The Chiefs offense started hot Sunday against the San Francisco 49ers, and then the wheels came off in the second half.
From questionable play calling to special teams, the Chiefs can’t blame anyone except the reflection in the mirror for Sunday’s disappointing 22-17 loss to the 49ers.
This postgame piece featuring highs and lows normally starts with the good, but it’s best to start with the bad given how Sunday’s loss could carry sting into the Week 6 bye.
• The Chiefs’ offense was humming in the first half, gaining 170 total yards. The team’s first series turned into a 12-play, 81-yard touchdown drive on the game’s opening drive, marking the first opening-drive touchdown from the offense since Week 17 of the 2013 season. But for all the first-half momentum, the Chiefs finished with 265 yards on the game, totaling just 95 yards the rest of the game.
• Coach Andy Reid’s play selection came under scrutiny on a third-and-1 play when he called for a play-action pass, which 49ers linebacker Ahmad Brooks batted down at the line of scrimmage. An argument could be made the 49ers are stout against the run, but running back Jamaal Charles had 80 yards rushing on 15 carries (5.3 yards per carry average). Conventional wisdom would be to put the ball in Charles’ hands. And the play calling is a direct reflection of the Chiefs gaining 95 total yards in the second half.
• Special teams are normally an area of strength for the Chiefs, but the unit proved a letdown in the fourth quarter. The Chiefs allowed the 49ers to convert a fake punt from the 29-yard line into a first down, which the 49ers turned into 3 points after marching down the field. The Chiefs later inexplicably had 12 men on the field with the 49ers lining up for a long field goal attempt. The 5-yard penalty gave 49ers the first down with 4:19 remaining in the game. The 49ers chewed up clock and came away with another field goal from kicker Phil Dawson, who went 5-of-5 on attempts.
• The 49ers dominated time of possession, a whopping 36:04 to the Chiefs’ 23:56. Of course, a lot of this points to the Chiefs’ play selection. Establishing and sticking with a run game chews up the clock, while incomplete passes kills it. The Chiefs went through a stretch in the second half when eight of nine plays were passes.
• The 49ers appeared to go after cornerback Marcus Cooper early and often, capping it off when quarterback Colin Kaepernick found wide receiver Stevie Johnson for a 9-yard touchdown pass. Johnson appeared to push off Cooper within 5 yards of the line of scrimmage, but Cooper needed to match the physicality. Cooper, of course, battled a knee injury in the week leading to the game.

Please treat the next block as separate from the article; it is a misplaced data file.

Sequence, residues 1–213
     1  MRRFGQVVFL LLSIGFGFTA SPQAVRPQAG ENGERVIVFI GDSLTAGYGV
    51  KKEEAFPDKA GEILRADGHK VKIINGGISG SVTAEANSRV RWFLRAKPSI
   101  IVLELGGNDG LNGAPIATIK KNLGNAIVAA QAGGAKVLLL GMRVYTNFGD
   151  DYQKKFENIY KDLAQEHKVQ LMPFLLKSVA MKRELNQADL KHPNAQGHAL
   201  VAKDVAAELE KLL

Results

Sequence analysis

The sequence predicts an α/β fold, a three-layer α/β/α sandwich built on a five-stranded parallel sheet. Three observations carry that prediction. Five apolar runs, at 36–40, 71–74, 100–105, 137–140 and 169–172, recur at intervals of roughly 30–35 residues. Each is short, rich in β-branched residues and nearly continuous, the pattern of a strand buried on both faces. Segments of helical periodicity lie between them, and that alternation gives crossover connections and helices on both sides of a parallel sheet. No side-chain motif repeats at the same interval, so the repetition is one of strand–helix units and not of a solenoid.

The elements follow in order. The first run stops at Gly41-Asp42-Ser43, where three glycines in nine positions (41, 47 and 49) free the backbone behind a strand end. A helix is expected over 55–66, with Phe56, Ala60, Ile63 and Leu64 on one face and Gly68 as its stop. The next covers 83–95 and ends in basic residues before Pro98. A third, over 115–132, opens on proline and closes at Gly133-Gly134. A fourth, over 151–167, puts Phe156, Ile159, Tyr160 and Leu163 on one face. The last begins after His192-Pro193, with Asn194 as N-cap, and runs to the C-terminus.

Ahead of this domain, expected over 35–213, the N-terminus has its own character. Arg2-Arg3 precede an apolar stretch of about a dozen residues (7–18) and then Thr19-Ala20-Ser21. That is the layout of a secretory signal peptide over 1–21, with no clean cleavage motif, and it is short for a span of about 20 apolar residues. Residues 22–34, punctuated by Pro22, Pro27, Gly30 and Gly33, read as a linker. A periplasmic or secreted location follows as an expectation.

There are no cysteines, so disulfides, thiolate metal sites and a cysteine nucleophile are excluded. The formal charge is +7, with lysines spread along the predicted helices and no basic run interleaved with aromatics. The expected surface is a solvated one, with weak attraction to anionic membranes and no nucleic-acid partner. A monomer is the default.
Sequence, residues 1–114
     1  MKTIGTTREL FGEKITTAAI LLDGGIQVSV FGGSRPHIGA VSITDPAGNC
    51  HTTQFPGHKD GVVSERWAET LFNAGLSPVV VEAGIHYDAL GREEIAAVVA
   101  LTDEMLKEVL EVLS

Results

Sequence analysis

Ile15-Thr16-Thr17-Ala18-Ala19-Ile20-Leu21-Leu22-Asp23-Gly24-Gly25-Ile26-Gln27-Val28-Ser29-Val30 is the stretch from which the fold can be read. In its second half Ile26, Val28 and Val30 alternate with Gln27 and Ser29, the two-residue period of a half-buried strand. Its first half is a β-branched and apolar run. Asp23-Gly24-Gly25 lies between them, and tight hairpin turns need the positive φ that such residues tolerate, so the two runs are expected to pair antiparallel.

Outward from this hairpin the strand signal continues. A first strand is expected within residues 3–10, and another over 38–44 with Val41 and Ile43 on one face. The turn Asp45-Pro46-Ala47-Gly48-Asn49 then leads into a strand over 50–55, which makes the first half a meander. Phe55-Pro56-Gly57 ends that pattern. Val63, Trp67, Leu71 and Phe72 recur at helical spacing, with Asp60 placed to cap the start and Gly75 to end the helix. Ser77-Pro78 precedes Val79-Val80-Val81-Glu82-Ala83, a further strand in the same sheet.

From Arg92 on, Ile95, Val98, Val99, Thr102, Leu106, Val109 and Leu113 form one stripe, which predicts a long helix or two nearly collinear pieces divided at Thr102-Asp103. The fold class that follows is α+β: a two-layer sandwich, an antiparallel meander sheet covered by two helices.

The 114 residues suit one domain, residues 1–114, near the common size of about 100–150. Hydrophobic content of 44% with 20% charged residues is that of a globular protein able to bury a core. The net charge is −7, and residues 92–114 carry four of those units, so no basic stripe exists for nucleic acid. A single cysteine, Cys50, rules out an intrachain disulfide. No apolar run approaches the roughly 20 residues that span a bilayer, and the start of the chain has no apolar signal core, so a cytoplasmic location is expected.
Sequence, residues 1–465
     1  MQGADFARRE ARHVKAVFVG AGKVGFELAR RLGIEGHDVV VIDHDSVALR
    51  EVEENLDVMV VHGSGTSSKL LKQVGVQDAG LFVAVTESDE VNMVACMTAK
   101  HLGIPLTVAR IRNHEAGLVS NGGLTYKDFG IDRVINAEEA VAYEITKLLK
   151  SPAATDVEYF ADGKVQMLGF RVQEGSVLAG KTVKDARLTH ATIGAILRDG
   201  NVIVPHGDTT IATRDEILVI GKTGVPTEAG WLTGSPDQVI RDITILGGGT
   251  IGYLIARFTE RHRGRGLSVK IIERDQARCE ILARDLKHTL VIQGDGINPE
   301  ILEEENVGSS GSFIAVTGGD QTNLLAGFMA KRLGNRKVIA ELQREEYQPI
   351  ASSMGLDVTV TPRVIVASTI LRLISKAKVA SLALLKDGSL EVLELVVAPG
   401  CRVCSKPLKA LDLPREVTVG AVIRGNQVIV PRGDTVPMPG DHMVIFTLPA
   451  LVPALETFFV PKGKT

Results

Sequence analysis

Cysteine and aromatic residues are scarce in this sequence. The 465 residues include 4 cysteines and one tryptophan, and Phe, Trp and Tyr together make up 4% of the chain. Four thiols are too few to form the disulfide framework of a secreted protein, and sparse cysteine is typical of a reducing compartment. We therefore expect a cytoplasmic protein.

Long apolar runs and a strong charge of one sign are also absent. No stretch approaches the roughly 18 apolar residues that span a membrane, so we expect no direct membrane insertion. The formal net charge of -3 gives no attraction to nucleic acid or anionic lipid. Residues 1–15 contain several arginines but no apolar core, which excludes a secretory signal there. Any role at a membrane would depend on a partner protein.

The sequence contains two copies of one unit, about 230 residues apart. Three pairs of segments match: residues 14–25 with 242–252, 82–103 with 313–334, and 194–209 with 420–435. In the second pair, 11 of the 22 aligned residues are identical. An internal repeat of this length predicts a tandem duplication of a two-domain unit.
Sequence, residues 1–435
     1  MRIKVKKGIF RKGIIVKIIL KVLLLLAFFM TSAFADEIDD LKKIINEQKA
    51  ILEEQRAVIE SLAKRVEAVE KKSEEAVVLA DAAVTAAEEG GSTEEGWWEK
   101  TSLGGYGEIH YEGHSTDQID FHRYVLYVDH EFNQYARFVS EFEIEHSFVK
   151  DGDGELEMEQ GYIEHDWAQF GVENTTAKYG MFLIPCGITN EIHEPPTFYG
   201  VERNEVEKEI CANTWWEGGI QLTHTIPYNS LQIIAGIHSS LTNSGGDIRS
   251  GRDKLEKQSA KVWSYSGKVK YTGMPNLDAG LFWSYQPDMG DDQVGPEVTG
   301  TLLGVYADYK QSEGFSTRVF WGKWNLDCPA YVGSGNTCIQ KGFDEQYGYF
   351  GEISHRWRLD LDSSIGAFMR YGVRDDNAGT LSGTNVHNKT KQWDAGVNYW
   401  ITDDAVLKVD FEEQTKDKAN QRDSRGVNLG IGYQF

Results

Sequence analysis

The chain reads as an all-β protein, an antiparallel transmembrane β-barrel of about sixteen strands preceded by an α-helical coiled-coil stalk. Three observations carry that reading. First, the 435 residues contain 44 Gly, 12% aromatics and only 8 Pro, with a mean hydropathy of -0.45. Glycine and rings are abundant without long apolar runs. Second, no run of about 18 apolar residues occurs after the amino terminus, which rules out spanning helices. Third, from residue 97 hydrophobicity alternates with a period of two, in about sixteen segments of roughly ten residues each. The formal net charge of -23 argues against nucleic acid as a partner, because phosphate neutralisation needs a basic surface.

• Rookie running back/wide receiver De’Anthony Thomas showed his explosion on his first two official touches of his career. The first came on a 28-yard punt return early in the third quarter. The second came when he took a screen pass from quarterback Alex Smith 17 yards for a touchdown down the left sideline. Thomas lined up in the backfield with Jamaal Charles on the touchdown play. Perhaps a preview of what’s to come when the Chiefs return from the bye?
• Tight end Travis Kelce had a 2-yard touchdown catch early in the first quarter, marking the third straight game he has found the end zone. Unfortunately, Kelce only had two catches for 15 yards on three targets for the game.
• The Chiefs got wide receiver Junior Hemingway involved early, targeting him four times which he turned into four catches for a career-high 50 yards. Hemingway picked up the slack for wide receiver Donnie Avery (groin), who underwent surgery Friday morning. But like Kelce, Hemingway wasn’t heard from much the rest of the game. See the play calling mentioned in the “Lows” section.
• The Chiefs totaled three sacks: Defensive end Allen Bailey totaled 1 ½ splitting a sack with defensive tackle Dontari Poe, and outside linebacker Justin Houston had a sack. Houston, who enters the final year of his contract, has six sacks on the season. The Chiefs as a team have 15 sacks on the season, ranking as the fourth-most in the league.
• Running back Jamaal Charles passed Larry Johnson as the second-leading career rusher in team history with 6,018 yards. All that separates Charles from Priest Holmes is 52 yards.